The West Block Transcript – Episode 37, Season 13

Mercedes Stephenson, The West Block. Global News

Episode 37, Season 13
Sunday, May 26, 2024

Host: Mercedes Stephenson

David Cohen, U.S. Ambassador to Canada
Danny Smyth, President of Canadian Association of Chiefs of Police
Jodie Boudreau, RCMP Deputy Commissioner of Contract and Indigenous Policing

Ottawa Studio

Mercedes Stephenson: A stern warning from 23 American senators sent directly to Prime Minister Justin Trudeau.

I’m Mercedes Stephenson. The West Block starts now.

The blunt letter from senators on both sides of Washington’s political aisle was crystal clear: up your NATO spending or continue to fail the U.S. and the free world. We get reaction from America’s ambassador to Canada.

And, the latest in our look at the failings within the criminal justice system.

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This week, fail of the effect on public safety. We’ll hear from the deputy commissioner of the RCMP and the head of Canada’s police chiefs.

It was a direct hit. Nearly a quarter of the senators on U.S. Capitol Hill sent a letter with a pointed message to the prime minister, saying we write to urge your government to uphold the commitment agreed to by all NATO allies by increasing defence spending levels to 2 per cent of each country’s GDP. The letter goes on to say the American commitment to NATO is unwavering. But when it comes to friends in Canada, we are concerned and profoundly disappointed that Canada’s most recent projection indicated that it will not reach its 2 per cent commitment this decade, to the detriment of all NATO allies and the free world. Certainly not mincing their words there. The letter was signed by 23 senators, both Democrats and Republicans, including Jeanne Shaheen. We spoke with her about the issue of defence spending at the last Halifax International Security Forum.

Senator Jeanne Shaheen, Democrat, New Hampshire: “There were plans adopted [00:01:47] by Canada, by all of the NATO allies to try and continue on that trajectory of defence spending in ways that were going to be important. So I look forward to seeing how Canada resolves those issues.”

Mercedes Stephenson: That was six months ago. And with this new letter, it’s clear that she, and many of her fellow senators, feel Canada is not moving fast enough to catch up.

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Joining me now is U.S. Ambassador to Canada, David Cohen. Always a pleasure to have you on, ambassador. Nice to see you.

David Cohen, U.S. Ambassador to Canada: Mercedes, thanks for inviting me back on your air. I always feel gratified that I didn’t screw up so much the last time that you’re willing to have me back.

Mercedes Stephenson: [Chuckles] No, no. I think I’m usually the one who makes the mistakes. You know, it has been a remarkable week in Canada-U.S. defence relations. We saw this letter and what was in it was not necessarily a surprise. It’s a refrain we’ve been hearing from the United States for many years, saying Canada, you need to spend more on defence. It comes in the wake of the Brits announcing that they believe that there should be a 2.5 per cent minimum spend. A lot of our allies, from the Brits to the Australians, are spending significantly more on defence. I’m wondering if the White House shares the view of these U.S. senators that Canada is not doing enough on defence.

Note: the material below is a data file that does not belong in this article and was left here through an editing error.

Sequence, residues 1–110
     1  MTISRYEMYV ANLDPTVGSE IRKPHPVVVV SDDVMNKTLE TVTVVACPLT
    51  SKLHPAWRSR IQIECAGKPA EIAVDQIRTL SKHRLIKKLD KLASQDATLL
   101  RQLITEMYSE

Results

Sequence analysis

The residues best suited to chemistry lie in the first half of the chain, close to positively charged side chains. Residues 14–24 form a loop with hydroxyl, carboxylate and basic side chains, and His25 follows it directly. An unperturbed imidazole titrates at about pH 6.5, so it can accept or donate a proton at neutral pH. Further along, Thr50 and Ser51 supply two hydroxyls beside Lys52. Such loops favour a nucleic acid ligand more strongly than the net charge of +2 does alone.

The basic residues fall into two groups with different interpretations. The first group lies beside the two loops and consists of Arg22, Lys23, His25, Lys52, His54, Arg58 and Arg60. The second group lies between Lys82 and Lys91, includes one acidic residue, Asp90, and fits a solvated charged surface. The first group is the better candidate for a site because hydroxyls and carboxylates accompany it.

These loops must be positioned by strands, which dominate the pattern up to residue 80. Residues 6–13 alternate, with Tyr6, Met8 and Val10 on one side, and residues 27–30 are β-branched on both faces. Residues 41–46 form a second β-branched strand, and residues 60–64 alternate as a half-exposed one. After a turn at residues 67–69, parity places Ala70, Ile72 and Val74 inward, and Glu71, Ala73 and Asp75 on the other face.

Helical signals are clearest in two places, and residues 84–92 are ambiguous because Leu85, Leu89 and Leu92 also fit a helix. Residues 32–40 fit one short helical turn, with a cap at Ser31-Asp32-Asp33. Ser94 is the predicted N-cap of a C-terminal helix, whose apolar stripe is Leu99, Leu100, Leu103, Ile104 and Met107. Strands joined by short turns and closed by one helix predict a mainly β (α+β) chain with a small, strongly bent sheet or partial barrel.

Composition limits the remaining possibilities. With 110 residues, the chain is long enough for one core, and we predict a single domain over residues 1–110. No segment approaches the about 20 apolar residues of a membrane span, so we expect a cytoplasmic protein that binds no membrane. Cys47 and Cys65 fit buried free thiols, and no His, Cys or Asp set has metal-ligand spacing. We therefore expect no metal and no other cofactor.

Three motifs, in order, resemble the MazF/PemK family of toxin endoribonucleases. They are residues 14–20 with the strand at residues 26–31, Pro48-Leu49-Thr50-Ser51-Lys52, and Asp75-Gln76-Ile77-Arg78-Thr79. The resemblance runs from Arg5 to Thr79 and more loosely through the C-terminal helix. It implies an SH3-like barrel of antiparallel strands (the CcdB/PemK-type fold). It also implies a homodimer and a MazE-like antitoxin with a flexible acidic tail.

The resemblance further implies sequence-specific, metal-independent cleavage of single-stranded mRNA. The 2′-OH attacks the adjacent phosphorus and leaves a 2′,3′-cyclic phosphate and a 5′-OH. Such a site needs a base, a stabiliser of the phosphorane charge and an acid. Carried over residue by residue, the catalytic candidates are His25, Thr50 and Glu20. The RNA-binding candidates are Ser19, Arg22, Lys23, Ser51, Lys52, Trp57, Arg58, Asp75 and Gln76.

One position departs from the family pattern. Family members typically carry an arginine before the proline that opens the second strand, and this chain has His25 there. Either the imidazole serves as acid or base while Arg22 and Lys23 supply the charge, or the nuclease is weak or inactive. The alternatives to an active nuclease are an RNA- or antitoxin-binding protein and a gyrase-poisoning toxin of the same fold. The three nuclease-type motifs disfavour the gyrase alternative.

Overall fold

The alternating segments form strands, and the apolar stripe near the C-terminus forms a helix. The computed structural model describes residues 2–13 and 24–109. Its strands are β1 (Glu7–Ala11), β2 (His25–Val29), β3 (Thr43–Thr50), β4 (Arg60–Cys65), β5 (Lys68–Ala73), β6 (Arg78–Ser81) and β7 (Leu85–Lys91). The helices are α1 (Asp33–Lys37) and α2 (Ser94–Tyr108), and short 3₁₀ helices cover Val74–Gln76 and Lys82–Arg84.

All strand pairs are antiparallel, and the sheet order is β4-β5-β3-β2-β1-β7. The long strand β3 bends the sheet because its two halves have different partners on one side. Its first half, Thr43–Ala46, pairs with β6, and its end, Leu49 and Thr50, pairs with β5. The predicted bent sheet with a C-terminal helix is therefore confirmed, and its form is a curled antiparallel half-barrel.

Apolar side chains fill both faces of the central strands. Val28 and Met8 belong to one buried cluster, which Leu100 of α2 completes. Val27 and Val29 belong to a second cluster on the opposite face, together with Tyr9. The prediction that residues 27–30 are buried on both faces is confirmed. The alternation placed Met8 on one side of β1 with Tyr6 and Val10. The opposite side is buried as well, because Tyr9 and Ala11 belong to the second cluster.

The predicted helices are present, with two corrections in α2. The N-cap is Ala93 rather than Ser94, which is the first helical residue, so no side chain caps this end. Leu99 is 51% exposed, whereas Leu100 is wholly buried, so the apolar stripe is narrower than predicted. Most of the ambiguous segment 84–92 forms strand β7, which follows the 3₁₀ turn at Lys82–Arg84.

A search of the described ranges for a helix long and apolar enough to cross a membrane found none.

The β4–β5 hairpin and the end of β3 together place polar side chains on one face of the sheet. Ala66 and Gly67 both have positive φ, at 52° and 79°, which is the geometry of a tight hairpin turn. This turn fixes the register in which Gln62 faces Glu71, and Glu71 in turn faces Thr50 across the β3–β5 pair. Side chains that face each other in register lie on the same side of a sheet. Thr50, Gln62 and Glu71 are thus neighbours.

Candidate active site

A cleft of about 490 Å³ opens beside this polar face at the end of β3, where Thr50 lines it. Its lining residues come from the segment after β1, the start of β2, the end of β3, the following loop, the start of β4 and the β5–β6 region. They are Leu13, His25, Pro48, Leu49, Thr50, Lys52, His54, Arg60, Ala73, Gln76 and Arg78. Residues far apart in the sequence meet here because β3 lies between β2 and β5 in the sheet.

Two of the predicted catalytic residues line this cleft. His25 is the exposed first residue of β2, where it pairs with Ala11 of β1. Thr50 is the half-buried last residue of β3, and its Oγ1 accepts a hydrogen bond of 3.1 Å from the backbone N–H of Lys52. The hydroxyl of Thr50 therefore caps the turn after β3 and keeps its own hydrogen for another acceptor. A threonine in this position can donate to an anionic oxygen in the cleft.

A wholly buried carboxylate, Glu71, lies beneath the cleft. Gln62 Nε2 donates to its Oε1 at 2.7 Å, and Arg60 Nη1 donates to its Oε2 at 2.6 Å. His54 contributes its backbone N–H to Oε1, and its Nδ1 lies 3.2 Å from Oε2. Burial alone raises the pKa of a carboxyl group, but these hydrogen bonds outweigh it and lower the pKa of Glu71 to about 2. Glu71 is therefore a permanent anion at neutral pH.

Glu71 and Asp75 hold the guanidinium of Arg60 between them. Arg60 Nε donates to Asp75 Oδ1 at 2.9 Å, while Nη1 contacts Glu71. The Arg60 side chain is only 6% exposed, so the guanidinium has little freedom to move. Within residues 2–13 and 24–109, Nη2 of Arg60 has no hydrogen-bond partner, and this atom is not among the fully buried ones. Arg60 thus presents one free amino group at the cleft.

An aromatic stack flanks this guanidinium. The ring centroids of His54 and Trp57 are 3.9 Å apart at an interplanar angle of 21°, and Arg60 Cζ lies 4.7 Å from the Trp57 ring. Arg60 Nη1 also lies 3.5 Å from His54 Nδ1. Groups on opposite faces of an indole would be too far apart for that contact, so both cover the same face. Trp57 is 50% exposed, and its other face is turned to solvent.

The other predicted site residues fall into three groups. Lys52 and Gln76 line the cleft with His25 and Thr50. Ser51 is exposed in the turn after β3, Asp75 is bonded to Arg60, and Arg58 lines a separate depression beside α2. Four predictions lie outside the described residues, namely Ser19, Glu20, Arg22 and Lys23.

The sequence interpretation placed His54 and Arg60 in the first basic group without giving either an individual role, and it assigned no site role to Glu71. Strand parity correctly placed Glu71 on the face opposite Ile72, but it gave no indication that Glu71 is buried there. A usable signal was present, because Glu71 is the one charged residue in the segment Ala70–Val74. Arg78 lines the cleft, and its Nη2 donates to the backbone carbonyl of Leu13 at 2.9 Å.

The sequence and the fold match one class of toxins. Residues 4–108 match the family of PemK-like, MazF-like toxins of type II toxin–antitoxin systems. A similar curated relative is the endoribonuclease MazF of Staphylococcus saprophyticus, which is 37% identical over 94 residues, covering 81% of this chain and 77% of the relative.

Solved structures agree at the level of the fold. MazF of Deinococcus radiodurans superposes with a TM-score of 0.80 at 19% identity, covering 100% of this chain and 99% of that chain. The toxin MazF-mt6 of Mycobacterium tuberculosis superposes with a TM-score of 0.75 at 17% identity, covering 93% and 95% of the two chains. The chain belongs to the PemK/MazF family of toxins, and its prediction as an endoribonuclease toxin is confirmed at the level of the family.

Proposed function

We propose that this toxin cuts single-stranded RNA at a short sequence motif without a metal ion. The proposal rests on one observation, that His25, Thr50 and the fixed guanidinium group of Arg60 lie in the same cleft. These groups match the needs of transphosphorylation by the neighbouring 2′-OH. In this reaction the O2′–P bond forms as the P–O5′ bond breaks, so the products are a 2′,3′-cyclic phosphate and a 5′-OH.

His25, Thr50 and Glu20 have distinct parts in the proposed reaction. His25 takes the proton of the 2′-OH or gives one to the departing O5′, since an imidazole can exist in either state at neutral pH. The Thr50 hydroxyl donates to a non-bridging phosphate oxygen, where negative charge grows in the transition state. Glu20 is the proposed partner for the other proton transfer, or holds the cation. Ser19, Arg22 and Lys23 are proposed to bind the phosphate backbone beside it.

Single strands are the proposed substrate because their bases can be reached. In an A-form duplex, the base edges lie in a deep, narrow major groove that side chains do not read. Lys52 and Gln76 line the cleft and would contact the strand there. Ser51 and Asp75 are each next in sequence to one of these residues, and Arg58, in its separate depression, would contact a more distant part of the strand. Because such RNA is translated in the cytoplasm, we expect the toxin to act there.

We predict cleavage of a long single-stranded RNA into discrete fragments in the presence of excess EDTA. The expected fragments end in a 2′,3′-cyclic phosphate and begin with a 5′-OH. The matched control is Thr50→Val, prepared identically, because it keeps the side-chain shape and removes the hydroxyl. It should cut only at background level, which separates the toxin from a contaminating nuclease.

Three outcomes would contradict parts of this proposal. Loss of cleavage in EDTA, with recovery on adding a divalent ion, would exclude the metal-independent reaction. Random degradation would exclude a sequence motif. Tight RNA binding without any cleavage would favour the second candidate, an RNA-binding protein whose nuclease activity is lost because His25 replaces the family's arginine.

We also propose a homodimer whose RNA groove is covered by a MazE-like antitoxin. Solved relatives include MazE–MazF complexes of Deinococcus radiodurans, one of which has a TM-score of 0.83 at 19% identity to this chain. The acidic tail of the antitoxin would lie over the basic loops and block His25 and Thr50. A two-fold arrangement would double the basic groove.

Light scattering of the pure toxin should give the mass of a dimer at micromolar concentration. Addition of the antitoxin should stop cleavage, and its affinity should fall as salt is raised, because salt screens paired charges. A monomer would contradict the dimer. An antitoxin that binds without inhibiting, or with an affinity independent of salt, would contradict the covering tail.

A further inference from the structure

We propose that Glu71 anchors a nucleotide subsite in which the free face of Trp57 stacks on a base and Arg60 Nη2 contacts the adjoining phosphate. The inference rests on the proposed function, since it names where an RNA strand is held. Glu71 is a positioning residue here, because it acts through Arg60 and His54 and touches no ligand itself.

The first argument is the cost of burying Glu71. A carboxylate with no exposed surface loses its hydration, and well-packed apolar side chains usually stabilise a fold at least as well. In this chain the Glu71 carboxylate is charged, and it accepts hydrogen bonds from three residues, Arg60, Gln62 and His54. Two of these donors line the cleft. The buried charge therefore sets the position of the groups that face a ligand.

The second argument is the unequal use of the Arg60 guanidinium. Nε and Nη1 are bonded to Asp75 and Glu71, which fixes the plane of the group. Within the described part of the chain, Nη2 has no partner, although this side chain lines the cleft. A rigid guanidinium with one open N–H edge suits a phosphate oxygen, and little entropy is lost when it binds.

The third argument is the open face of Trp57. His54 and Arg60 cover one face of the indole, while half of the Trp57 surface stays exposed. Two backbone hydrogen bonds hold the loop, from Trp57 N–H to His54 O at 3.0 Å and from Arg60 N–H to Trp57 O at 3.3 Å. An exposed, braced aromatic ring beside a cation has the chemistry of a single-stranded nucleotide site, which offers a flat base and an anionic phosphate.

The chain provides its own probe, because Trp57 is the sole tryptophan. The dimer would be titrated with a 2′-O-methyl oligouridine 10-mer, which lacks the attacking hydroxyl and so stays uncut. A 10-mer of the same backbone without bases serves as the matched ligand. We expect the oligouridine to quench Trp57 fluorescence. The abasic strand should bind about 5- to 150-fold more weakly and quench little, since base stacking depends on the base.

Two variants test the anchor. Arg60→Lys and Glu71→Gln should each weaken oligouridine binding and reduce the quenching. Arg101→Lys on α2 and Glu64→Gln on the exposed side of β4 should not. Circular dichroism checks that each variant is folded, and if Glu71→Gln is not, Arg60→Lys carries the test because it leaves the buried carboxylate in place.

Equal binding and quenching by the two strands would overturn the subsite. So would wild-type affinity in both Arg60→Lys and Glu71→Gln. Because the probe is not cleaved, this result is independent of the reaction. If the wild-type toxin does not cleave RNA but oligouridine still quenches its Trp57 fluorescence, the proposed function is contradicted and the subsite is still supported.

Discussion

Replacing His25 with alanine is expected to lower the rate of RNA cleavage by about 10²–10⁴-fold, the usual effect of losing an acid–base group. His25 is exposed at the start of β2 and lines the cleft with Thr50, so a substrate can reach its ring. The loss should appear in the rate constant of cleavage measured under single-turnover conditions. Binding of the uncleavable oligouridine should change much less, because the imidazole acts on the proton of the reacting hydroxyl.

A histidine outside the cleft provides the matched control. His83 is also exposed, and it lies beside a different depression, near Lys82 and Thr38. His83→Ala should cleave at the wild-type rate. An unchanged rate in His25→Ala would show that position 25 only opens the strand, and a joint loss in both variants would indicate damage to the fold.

David Cohen, U.S. Ambassador to Canada: Well I think the U.S. government position, including the White House, is that Canada needs to spend more money on defence. The threat environment in which we are all functioning today is fundamentally different than it was three years ago, five years ago, 10 years ago. Certainly at the time that the voluntary commitments to spend at least 2 per cent of GDP on defence was originally entered into a decade ago. So there’s just no doubt that Canada needs to spend more. But that’s not just the U.S. government and the White House. I think, I mean Minister Blair believes that. General Eyre believes that. I think that the Canadian cabinet believes that or else it would not have approved the defence policy update that was just entered into. But what you’re seeing here is the lead up to the NATO Summit in a couple of months, in July, in the United States and at the end of 2024, the way projections are looking, Canada will be the only country in NATO that is not spending at least 2 per cent of its GDP on defence and does not have a plan to get there. And that and is very important. So that Canada’s gone—has moved within NATO from being a bit of an outlier to being the outlier in the entire alliance, and I think that that is leading to increased scrutiny and pressure around meeting the NATO threshold. I have said, and it has been reported that somehow this is different than what was in the senators’ letter. I’ll argue that it isn’t different. I mean I have said that the United States government looks at Canada’s defence spending and its defence preparedness on a broader basis than any one single metric. We look at Canada’s ability to respond. We look at the trajectory of Canada’s defence spending. We look at their continued plans to increase defence spending. But that does not mean that Canada’s off the hook after the defence policy update, and I don’t think Canada thinks it should be off the hook. I talked to Minister Blair privately. I listened to him very carefully, publicly. He has been very clear, privately and publicly, that he knows Canada has to do more. He knows there has to be more investments beyond what is in the defence policy update. He has committed, he personally has committed that there will be more spending, and he’s even put a little bit of specificity in that now that was not there before, which is the desire for Canada to get back into the submarine business and to acquire a submarine fleet that he believes that would move Canada to the 2 per cent level, if not more. So there’s even, if I can, the beginning of a plan for how Canada will get to 2 per cent, which is through developing, re-developing a submarine fleet.